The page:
My walk to the shops to stock up with paracetomol this afternoon was barred by a fallen tree in the Martingate shopping centre, Corsham, which had been cordoned off by the police. About 30 feet tall, the tree had been growing in a paved area and had fallen onto the edge of the roof of two shops.
By the time I arrived it had been largely chopped up. There were a lot of people there to deal with it. All three council wagons were present (to block pedestrians or possibly to remove the tree). There were three or more tree surgeons with chainsaws. There was a Fire Engine with it’s own private area cordoned off with pretty blue flashing lights on the ground. I’m not sure whether they were there in case of fire or a building collapse, or in case everyone else was not strong enough to move the pieces of tree trunk. It has been wet and windy here today, however this was a surprise.
I never got to the pharmacy, but I can feel a song coming on… “On the tenth day of Christmas…”
A new take on Flash Mobs, from Positive News – people in a crowd suddenly starting to meditate!
It pays to follow your passion – article and survey results from the UK Leadership Academy.
Wangari, who challenged the Kenyan establishment and empowered women through the planting of trees – and won the Nobel Peace Prize for it – died on 25th September. I’m aware of her because one of the songs we sing in our community choir (“Sow the Seed” by Polly Bolton) commemorates her work. See this Daily Telegraph article to be impressed.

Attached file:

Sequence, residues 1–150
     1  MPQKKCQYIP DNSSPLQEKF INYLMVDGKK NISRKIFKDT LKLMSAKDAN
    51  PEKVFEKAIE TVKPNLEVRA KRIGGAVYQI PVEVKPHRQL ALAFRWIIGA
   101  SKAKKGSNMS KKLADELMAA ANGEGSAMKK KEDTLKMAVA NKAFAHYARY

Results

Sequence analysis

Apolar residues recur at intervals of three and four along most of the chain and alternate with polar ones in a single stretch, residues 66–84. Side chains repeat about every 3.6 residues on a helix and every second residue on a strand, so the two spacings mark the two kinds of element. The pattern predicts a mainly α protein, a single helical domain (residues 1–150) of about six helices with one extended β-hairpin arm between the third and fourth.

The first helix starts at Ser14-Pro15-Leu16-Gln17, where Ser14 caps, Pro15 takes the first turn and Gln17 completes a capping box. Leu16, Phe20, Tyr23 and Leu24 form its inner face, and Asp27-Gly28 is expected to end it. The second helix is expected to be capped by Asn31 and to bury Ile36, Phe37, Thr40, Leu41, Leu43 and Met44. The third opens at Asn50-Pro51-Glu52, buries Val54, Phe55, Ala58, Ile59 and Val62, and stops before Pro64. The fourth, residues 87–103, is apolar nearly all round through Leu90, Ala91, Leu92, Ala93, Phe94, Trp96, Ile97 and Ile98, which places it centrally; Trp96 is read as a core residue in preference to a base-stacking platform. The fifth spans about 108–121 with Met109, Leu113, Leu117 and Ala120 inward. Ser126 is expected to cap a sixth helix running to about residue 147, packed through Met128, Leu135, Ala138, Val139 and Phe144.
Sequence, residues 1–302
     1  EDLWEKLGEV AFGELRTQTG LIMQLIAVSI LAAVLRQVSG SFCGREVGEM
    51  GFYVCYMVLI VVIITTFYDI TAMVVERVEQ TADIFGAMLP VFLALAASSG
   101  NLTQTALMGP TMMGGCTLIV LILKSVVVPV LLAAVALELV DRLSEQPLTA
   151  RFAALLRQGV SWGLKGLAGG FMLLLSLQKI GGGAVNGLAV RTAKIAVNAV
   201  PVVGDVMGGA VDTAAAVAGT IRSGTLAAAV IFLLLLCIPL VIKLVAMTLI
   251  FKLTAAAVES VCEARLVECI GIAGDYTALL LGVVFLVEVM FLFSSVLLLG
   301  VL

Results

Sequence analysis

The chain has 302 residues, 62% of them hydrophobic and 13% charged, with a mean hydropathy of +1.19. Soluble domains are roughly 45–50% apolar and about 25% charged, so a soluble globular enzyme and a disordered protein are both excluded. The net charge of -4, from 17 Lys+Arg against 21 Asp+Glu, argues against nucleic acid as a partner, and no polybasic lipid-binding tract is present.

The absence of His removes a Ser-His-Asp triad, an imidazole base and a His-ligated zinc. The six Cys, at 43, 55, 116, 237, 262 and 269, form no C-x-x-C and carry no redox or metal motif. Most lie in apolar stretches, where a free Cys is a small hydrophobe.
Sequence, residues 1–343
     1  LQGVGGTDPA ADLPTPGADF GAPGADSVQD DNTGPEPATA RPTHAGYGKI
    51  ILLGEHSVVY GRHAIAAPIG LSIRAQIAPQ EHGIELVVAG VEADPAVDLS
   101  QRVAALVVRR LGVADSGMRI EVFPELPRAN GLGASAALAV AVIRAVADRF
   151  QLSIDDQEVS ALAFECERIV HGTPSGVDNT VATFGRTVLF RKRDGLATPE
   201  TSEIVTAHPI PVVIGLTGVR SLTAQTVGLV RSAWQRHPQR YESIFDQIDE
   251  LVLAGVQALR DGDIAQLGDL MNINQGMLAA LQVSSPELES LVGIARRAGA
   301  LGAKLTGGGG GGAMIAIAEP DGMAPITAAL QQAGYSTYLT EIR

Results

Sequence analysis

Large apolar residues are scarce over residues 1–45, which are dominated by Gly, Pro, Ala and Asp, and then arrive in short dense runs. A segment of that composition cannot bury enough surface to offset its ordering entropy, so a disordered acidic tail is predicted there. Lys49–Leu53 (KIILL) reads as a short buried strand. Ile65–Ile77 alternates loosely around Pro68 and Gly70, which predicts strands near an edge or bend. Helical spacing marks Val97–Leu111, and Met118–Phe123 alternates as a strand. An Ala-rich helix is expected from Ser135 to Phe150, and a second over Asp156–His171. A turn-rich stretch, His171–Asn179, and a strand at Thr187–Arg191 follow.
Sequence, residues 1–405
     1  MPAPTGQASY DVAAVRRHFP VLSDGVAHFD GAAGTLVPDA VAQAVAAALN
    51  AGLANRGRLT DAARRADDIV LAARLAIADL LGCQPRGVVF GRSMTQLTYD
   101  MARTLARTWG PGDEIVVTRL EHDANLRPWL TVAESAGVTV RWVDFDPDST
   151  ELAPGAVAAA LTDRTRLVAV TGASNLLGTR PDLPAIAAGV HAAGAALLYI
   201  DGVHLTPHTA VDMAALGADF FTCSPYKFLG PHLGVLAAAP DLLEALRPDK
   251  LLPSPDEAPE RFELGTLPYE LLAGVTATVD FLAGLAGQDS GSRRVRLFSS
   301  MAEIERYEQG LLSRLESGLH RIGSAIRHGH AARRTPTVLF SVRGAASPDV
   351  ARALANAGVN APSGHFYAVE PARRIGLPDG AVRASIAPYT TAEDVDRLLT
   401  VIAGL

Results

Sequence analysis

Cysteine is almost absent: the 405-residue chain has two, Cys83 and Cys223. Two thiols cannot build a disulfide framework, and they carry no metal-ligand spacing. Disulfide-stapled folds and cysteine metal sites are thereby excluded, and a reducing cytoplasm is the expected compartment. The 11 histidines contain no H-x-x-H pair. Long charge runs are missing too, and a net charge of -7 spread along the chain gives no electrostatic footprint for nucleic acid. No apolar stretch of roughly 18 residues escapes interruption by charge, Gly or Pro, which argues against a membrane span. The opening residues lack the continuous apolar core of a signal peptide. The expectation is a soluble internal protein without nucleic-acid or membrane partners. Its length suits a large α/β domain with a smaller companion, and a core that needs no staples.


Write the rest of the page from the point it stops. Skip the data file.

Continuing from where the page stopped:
Further to my article about what folly really is, here’s a fascinating article about the important difference between scepticism and doubt.
Saw Olly Hicks in the paper today. He met Prince Harry on completion of a kayaking expedition from Holland to the UK in memory of an escape from the Nazi’s 41 years ago. Olly was the only British member to complete the journey….
A discussion about why human beings do things they know will not work – folly – looking at the Eurozone Greece crisis. BBC article.
A collection of some interesting postings from sites I’m following…
Phil Simpson on the undefended leader (Simon Walker’s books).
Institute for the Study of Genocide. A crucial and harrowing resource. I was unaware how much genocide is going on. “In the 20th century, genocides and state mass murder have killed more people than have all wars.” The newsletters on this site are worth reading, including “Winter 2010” which includes an insightful piece on Islamic Extremism.
Dreaming of a Caliphate Interestingly this article also addresses Islamic hopes of Islamic rule, from an economic perspective rather than that of the Institute for the Study of Genocide.
Here's an interesting link to a course put together by a friend of mine, Martin Sandbrook, at the Schumacher Intitute in Bristol. It's all about finding a more sustainable way of doing things and making use of Systems Thinking instead of just mechanistic approaches with a view to – amongst other things – living a more satisfying life. The Sustainability Toolkit: the first twelve-month course was launched in January 2011.